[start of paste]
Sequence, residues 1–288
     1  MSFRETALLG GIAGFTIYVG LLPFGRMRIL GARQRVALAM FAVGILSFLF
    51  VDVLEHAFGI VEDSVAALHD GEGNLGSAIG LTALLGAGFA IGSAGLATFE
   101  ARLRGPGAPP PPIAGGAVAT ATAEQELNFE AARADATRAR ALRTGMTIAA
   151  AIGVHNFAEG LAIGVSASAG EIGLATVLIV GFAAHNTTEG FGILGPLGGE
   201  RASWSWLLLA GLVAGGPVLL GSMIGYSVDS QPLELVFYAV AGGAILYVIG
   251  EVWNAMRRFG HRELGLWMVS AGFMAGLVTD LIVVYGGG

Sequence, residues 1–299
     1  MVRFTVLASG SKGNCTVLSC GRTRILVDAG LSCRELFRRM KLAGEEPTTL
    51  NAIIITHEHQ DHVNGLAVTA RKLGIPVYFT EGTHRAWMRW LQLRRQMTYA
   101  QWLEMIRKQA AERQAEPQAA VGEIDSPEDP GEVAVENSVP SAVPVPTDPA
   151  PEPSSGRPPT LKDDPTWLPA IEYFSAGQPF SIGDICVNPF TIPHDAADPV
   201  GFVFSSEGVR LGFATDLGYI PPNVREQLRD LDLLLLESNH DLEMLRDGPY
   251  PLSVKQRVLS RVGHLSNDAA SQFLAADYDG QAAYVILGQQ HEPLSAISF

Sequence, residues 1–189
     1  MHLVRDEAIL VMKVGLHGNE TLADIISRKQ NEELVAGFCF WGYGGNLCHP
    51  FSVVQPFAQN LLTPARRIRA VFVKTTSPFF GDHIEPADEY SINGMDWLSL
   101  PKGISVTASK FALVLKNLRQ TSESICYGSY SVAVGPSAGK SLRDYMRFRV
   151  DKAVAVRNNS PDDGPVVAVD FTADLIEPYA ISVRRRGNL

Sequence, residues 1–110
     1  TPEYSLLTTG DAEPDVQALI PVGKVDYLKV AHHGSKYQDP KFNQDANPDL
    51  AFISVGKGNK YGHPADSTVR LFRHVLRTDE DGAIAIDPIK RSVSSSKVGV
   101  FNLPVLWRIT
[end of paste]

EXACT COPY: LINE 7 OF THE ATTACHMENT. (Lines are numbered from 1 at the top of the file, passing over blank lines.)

   251  EVWNAMRRFG HRELGLWMVS AGFMAGLVTD LIVVYGGG